Rated municipal bonds: an analysis, classification and extension

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Virginia Polytechnic Institute and State University


The purpose of this study was to (1) identify the variables important in analyzing a general obligation municipal bond's investment quality using improved statistical techniques, (2) develop models that accurately classify municipal bonds into investment quality versus non-investment quality using variables identified in the literature and by practitioners, and (3) evaluate the stability of the variables in predicting investment quality over time.

A review of the literature revealed over 170 variables thought to indicate a bond's investment quality. Because banks hold a large percentage of municipal bond issues and some perform their own credit analysis, bond analysts were queried to determine what variables they use in making investment decisions.

Eight logit models were developed. Four models were based upon variables identified in the literature; four by practitioners. With each group, models were developed using sized and non-sized variables and principal components developed from the raw variables as input. Data from a random sample of general obligation municipal bonds issued in 1982-1985 were used to evaluate the models.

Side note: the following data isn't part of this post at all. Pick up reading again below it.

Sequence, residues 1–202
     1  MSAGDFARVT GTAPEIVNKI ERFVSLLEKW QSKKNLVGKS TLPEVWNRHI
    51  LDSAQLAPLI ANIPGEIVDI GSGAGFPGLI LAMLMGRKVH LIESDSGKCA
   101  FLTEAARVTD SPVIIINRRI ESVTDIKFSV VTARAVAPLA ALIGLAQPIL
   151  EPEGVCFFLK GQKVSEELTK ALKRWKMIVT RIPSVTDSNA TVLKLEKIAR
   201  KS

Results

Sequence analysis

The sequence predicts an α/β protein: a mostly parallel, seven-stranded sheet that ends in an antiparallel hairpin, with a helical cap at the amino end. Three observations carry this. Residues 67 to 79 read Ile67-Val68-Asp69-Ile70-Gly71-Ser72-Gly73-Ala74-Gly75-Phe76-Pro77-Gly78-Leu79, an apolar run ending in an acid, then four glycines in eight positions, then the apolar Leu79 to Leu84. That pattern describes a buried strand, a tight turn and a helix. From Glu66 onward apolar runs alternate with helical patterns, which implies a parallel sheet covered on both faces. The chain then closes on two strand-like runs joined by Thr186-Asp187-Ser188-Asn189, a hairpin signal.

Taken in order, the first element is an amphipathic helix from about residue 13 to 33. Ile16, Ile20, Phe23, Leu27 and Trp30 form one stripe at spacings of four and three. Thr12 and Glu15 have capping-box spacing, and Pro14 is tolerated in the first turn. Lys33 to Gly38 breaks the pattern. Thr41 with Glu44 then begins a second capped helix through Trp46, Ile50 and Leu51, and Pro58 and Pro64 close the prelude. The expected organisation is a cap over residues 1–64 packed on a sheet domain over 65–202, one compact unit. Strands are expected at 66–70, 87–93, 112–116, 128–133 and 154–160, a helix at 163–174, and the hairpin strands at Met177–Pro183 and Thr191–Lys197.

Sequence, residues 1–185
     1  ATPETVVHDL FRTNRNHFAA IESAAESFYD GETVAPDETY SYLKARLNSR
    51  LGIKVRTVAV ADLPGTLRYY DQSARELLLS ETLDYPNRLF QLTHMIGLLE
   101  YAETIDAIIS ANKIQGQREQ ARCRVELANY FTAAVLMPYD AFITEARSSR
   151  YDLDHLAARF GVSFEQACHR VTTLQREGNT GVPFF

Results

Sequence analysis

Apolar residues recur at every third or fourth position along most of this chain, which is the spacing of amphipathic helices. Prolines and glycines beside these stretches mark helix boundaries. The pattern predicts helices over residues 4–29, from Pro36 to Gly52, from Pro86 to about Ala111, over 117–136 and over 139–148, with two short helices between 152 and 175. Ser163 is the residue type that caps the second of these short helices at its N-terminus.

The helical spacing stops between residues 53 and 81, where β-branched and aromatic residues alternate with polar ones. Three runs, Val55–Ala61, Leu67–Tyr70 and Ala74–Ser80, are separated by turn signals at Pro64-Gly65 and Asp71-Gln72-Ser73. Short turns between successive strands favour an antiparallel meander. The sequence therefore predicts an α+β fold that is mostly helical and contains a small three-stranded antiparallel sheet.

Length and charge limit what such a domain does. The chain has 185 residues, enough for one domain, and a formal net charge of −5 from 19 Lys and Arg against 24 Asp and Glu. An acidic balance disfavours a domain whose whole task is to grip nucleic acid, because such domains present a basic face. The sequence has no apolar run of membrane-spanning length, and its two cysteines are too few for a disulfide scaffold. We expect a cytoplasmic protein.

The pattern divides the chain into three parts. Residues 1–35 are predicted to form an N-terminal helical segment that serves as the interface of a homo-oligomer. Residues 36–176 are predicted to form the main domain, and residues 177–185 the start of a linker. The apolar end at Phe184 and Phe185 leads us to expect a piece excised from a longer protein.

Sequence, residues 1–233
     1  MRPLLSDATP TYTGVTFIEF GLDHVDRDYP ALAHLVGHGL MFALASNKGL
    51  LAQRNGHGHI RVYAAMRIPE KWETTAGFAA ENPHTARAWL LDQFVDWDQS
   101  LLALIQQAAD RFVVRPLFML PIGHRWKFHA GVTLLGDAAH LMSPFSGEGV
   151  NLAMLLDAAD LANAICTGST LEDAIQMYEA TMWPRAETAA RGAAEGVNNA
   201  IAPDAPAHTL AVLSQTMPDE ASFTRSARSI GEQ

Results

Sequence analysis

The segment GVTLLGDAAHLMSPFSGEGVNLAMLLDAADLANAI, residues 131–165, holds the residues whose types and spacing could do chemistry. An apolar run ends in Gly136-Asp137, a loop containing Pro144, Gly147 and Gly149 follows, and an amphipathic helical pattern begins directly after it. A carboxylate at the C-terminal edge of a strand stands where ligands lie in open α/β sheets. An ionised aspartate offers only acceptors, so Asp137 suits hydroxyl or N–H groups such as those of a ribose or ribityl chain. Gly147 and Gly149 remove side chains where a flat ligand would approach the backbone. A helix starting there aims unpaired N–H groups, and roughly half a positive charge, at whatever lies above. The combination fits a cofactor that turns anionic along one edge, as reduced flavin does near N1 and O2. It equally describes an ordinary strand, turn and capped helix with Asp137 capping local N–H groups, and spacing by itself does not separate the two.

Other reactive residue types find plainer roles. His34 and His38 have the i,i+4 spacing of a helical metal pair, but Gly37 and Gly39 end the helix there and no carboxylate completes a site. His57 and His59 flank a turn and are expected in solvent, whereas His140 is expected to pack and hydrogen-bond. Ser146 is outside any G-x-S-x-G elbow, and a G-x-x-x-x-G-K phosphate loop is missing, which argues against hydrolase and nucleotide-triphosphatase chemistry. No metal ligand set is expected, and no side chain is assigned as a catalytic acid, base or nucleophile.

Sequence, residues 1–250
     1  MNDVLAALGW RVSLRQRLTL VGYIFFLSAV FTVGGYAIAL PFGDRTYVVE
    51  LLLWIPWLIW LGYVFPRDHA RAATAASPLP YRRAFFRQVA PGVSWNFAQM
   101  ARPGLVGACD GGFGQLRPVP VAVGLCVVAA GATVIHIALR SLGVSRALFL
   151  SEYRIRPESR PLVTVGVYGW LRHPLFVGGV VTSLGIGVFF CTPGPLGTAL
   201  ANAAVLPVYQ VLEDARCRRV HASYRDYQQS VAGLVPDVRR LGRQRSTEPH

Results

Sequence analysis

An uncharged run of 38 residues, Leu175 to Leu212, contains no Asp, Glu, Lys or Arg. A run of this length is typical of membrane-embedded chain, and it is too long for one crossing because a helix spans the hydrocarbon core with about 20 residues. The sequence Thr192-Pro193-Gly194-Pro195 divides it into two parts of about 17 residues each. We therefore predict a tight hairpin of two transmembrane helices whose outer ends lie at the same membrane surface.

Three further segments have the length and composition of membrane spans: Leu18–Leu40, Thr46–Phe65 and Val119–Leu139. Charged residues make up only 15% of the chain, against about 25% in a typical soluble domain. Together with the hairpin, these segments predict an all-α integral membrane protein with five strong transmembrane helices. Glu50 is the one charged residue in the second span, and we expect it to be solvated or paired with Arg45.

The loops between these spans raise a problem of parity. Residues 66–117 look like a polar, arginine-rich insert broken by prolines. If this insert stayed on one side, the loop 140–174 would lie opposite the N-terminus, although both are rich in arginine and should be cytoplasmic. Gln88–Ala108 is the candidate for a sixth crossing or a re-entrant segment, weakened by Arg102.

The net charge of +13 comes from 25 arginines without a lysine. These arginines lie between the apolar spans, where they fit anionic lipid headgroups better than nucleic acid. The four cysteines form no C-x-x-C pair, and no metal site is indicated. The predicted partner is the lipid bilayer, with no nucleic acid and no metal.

The non-sized PCA literature model correctly classified 96.47 percent of the sample municipal bonds. The sized PCA literature model correctly classified 91.49 percent; non-sized PCA practitioner, 92.47 percent; and the sized PCA practitioner, 88.30 percent. The models developed using raw data were, in all cases, less successful in classifying bonds as investment quality. The results for the non-sized raw data literature model was a correct classification of 92.11 percent; raw data sized literature model, 90.32 percent; raw data non-sized practitioner model, 87.36 percent; and raw data sized practitioner model, 85.06 percent.

The most significant variables as seen in the eight models were CHGPOP and PERCAP. As noted, the literature models outperformed the related practitioner models. Also, the use of principal components as inputs improves the ability to classify the bonds. Lastly, the variables determinative of investment quality are not stable over time.